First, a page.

Tanya nodded, irritated that Abby had just said ‘someone’ and not a gender. On the bright side, the idea of someone staying over being a ‘sometimes’ event meant that she wasn’t in a steady relationship. So there was that.

They had started talking about their personal lives during the second game. Tanya talked about some of the websites she’d designed, and Abby talked about growing up in Maine and making her way slowly across the country working odd jobs after college. She finally ended up in Washington, she said, because she had run out of land. Tanya was the opposite; she lived four blocks from where she’d grown up. Working from home meant she could do it no matter where she lived, and she saw no reason to move away just for the sake of being somewhere different.

But now, after spending a few hours hunched over the game board sharing their life stories, Tanya sensed it was time to end things. They both had two wins, so they agreed it was best to quit while they were tied. Abby stretched and then tugged her shirt down, rolling her shoulders as she looked at the walls for a clock. “I’m kind of hungry. Skipped breakfast, and we played through lunch. You want to go grab something? My treat.”

Tanya smiled. “We should have made that the prize. Whoever loses the last game has to buy the winner lunch.”

“Nah, I don’t mind. I enjoyed myself today, and it’s down to you, so I’m happy to buy you lunch as a thank you.”

Tanya accepted with a gracious dip of her head. “Well, I certainly won’t turn that down. Give me a few minutes to get changed and we’ll head out. I feel like… steak and lobster.”

“Don’t push your luck. I’ll put away the tiles and everything.”

“Okay. Thanks.”

She got up and went into the bedroom to change. She chose something nice, but not so nice it looked like she was going out on a date. She checked her hair and considered swapping her glasses for contact lenses, but that was something she would do on a date. She didn’t even know if Abby was gay. Her gaydar was leaning toward no, but it had been wrong before. She left the glasses on, put her hair in a ponytail, and grabbed her wallet on the way out.

Abby was examining the bookshelf when she returned. Abby smiled and gestured at the books with her head. “So that’s where you got words like fauna and carex.”

“Bad habit I picked up from my father.”

“I have that disease,” Abby admitted. “Although now I have one of those e-readers that holds, like, ten thousand books. Much easier to hide when guys come over and you don’t want to scare them.”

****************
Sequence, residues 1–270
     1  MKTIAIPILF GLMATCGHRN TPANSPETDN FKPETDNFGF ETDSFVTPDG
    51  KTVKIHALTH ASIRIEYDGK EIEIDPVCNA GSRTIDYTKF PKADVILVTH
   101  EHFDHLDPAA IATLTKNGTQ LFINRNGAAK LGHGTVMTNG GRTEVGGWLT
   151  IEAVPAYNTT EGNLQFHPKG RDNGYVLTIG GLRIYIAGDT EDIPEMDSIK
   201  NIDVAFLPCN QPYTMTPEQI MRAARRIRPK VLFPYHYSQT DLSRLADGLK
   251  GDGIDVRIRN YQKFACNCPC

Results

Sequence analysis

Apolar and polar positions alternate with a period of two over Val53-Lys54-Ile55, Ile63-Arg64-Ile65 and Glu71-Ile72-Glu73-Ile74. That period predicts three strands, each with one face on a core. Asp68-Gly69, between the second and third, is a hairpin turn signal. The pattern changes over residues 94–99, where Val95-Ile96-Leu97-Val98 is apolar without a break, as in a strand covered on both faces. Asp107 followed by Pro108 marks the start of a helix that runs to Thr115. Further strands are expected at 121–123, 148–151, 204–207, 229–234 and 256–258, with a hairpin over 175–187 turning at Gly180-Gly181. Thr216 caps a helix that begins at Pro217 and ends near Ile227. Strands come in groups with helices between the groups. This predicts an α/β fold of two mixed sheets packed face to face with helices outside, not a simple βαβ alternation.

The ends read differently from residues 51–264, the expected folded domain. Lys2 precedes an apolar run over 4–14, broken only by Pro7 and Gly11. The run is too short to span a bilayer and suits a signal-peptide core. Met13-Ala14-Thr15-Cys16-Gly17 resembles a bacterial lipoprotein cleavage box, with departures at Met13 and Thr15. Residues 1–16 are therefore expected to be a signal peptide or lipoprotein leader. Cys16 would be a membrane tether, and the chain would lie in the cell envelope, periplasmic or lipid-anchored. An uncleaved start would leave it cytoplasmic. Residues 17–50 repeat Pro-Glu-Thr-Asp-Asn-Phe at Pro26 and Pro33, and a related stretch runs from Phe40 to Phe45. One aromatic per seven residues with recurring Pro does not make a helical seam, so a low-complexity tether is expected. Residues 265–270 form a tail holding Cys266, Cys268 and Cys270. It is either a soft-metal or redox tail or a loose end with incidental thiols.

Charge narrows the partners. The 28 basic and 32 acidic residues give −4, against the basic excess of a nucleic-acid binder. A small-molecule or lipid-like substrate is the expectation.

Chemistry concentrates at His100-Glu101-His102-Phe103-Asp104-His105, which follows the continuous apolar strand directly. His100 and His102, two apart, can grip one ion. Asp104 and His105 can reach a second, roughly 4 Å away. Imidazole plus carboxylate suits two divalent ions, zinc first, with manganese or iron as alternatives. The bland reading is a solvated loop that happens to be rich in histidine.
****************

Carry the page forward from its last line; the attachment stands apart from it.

Damn, shit, fooey and dagnabbit. “Nice trick. Can’t have the boys getting too intimidated right off the bat.”

Abby smiled. “So, I figure you get to eat for free, you might as well choose where we go.”

“There’s a little place nearby. Best homemade burgers you’ll taste, guaranteed.” Plus they were relatively cheap. If it wasn’t a real date, she didn’t want to make Abby pay too much. “I still expect a rematch, you know. Ties don’t sit very well with me.”

“A woman after my own heart.”

If only, Tanya thought.


After lunch they arranged to have a rematch the next day, Sunday, and Tanya surprised herself by showering and doing her hair as if she was going on a date. She was ready to lie and say she had just come back from church when Abby arrived dressed in a white silk blouse and black skirt. “Sorry,” the detective said. “I didn’t go home to change after church.”

Tanya chuckled. “No problem. C’mon in, I have the board all set up. Did you have lunch? I have some stuff in the kitchen I can whip something.”

“No, we had snacks at church. But I won’t mind if you eat.”

“I had a pretty big breakfast. So let’s get to the game. Winner of the last game goes first, and I believe that was you.”

“I believe you are right.” She sat down and smiled as she placed her tiles on the rack. “Is today the deciding match? Whoever walks away from this victorious…?”

“We can play best of three,” Tanya suggested.

“Sounds good.” Abby considered her tiles and, after a moment of studious concentration, played SMILED. “There you go. A nice word to build off of.”

“Thank you. I’ve been doing some reading, and I think you’ll find I’m a much more formidable opponent.” After some debate she added WOOD to the board.

“Hm. Want to put your money where your mouth is?”

“Are you suggesting playing for money? Because I should remind you, there is a cop in the room.”

Abby grinned. “I won’t tell if you don’t. And we don’t have to play for money.”

“Aha. Strip Scrabble. I haven’t played that since college.”

Abby played WHILE. “So if we ever get bored playing this game the old-fashioned way, we have a Plan B.”

“Give me some warning. I want to dress in layers.” She sucked in a breath and then carefully, placing each tile with precision, she spelled out QINTAR. “Thirty-two points, please.”

“Qintar? What is that?”

“Are you challenging? You lose a turn if you challenge.”

They stared at each other across the board. Finally, Abby said, “Okay. Challenge.”

Tanya smiled. “It’s an Albanian coin.”

Abby growled and shook a fist, then relaxed. “Okay. Okay. I can skip a turn. It just means I’ll have fewer points when I destroy you later on.”

“Sure you don’t want to play for money? I have a few qintar I can spare.”

“What did you do, pour through the dictionary looking for Q words?”

“Yeee-up,” Tanya said as she searched for another word to play.

Abby laughed. “Sorry I intimidated you so much.”